Author(s): Tamara Shopsin
In Arbitrary Stupid Goal, Tamara Shopsin takes the reader on a pointillist time-travel trip to the Greenwich Village of her bohemian 1970s childhood, a funky, tight-knit small town in the big city, long before Sex and the City tours and luxury condos. The center of Tamara's universe is Shopsin's, her family's legendary greasy spoon, aka "The Store," run by her inimitable dad, Kenny--a loquacious, contrary, huge-hearted man who, aside from dishing up New York's best egg salad on rye, is Village sheriff, philosopher, and fixer all at once. All comers find a place at Shopsin's table and feast on Kenny's tall tales and trenchant advice along with the incomparable chili con carne.
Filled with clever illustrations and witty, nostalgic photographs and graphics, and told in a sly, elliptical narrative that is both hilarious and endearing, Arbitrary Stupid Goal is an offbeat memory-book mosaic about the secrets of living an unconventional life, which is becoming a forgotten art.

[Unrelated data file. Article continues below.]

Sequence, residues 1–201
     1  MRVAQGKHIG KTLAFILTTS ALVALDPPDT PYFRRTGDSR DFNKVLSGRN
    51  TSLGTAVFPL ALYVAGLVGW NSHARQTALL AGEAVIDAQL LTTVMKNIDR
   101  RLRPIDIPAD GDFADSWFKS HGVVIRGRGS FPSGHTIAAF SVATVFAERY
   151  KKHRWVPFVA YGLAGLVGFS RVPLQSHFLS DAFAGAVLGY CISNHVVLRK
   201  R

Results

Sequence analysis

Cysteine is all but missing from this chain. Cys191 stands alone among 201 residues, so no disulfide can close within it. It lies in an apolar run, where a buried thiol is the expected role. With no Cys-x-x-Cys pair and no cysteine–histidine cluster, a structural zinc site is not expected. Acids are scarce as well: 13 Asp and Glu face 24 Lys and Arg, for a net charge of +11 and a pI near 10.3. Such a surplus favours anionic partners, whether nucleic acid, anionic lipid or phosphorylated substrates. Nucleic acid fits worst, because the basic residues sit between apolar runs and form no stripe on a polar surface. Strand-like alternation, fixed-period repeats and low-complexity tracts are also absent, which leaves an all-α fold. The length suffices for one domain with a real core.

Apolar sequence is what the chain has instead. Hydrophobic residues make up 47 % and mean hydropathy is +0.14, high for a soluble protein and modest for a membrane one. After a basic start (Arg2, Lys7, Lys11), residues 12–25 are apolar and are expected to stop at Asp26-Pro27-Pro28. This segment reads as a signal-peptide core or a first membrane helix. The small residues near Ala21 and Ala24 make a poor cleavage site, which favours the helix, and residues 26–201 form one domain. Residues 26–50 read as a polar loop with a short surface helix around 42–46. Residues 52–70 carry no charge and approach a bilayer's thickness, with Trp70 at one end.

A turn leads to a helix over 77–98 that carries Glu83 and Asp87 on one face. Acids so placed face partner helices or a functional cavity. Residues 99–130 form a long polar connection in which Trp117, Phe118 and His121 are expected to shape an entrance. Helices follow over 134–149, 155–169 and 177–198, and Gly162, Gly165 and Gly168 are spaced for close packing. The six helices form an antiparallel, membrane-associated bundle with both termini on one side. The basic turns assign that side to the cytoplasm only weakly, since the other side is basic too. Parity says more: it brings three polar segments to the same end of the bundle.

Tamara Shopsin has written a personal and lively memoir about growing up in New York in the 1970s, specifically, about growing up in Greenwich Village in the shadow, or more precisely in the arms, of The Store. The Store was famous in spite of itself, and still is an iconic New York institution. What started solely as a grocer became a restaurant of repute in the 1970s, a place with its very own style and culture and a centre of the conversation, happenings and relationships of a neighbourhood. Tamara’s father Kenny Shopsin was a New York personality running The Store with his partner Eve. The five children grew up on the street and in the restaurant - on the sawdust floor, beside the freezer that gave electric shocks, in the arms of regulars, and under the feet of customers. Each had their shop chores and all chipped in as needed. Tamara Shopsin’s memoir is a homage to New York City, a New York that she sees as under threat from developers, increased housing prices and homogenised culture. It’s a homage to her eccentric father who had his own style, constantly changing the vast menu (especially if a dish became too popular) and making crazy customer rules - rules that made his place even more attractive to some and completely repellent to others: no phones, parties of no more than four people (don’t even try to sneak in with a three and a two and then pretend it is a coincidence), and no copying what someone else has just ordered. You could be a friend for life or blacklisted by putting a foot wrong with Kenny. The book is a homage to friends, family, and the importance of neighbourhood. Shopsin recalls the famous and the ordinary, drawing out the stories of those closest to her, particularly her father’s friend Willy, who in his unusual way sees them all through some sticky situations. There is a fascinating account of the development of the crossword puzzle and Margaret Petherbridge’s role in this at the New York Times. Kenny sometimes submitted puzzles and kept up a correspondence with Margaret over numerous years. There are numerous asides and insights making reading this memoir a delight. Arbitrary Stupid Goal is arranged as small pieces loosely connected, pieces that scoot from present day to a Tamara of age five and back, into times before her birth and retold stories. Over the course of the book she shapes a conversation that gives you an insight to her and her siblings’ childhood, the bohemian nature of The Village, the quirks of her father's cooking practices and temperament, the significance of the seemingly ordinary, and the importance of place. The Store was a meeting place that attracted celebrities, eccentrics and local, a place that accepted people for who they were but brokered no quarter for fakes or demanding clientele. In fact, Kenny feared success (and having to work too hard) and shrugged off reviewers and interviews, even going as far as to tell guidebook publishers that the restaurant had closed or that The Store was now a shoe shop. Tamara Shopsin’s writing style is quirky and idiosyncratic. She writes from the point of view a middle child, a keen observer with an agile mind, the point of view of a woman still very much connected to the place that made such an impact on her. Tamara Shopsin cooks weekends at The Store and is passionate about its legacy and the New York City she believes in. Touchingly personal and endlessly fascinating, this is a memoir which moves from hilarious to tragic and back again in a half a breath.